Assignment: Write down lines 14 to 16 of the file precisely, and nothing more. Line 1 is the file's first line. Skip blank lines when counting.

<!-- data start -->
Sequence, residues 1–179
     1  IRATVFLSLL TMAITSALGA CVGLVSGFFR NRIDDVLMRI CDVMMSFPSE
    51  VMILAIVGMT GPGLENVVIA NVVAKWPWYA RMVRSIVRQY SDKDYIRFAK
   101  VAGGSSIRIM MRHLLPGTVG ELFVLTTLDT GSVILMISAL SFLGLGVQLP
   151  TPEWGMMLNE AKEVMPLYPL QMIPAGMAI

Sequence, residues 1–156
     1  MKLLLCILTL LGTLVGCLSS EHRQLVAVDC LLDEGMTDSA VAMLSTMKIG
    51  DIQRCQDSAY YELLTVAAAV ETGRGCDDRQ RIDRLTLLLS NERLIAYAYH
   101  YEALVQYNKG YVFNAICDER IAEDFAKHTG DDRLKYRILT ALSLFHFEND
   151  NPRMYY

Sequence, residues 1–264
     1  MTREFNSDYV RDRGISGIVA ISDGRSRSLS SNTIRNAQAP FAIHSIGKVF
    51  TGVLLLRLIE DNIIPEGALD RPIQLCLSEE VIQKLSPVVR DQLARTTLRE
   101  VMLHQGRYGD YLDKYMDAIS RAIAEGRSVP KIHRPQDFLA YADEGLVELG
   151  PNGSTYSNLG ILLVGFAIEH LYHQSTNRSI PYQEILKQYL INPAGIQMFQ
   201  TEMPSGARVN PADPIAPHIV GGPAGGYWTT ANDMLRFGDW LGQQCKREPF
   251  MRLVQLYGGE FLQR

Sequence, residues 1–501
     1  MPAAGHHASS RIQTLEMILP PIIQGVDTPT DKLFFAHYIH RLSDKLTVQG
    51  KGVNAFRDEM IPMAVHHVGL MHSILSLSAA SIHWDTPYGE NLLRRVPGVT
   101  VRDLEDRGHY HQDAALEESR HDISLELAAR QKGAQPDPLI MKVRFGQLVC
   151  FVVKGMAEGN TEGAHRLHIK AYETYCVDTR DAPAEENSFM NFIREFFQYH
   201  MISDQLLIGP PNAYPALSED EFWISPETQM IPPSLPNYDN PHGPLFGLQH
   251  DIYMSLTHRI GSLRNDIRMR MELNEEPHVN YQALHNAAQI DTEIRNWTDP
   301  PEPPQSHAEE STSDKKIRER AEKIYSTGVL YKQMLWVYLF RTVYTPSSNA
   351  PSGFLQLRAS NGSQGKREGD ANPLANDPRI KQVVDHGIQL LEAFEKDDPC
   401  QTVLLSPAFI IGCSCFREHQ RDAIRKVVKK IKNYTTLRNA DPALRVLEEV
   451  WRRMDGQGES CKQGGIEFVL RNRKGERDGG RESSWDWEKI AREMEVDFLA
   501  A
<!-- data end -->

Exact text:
   101  VMLHQGRYGD YLDKYMDAIS RAIAEGRSVP KIHRPQDFLA YADEGLVELG
   151  PNGSTYSNLG ILLVGFAIEH LYHQSTNRSI PYQEILKQYL INPAGIQMFQ
   201  TEMPSGARVN PADPIAPHIV GGPAGGYWTT ANDMLRFGDW LGQQCKREPF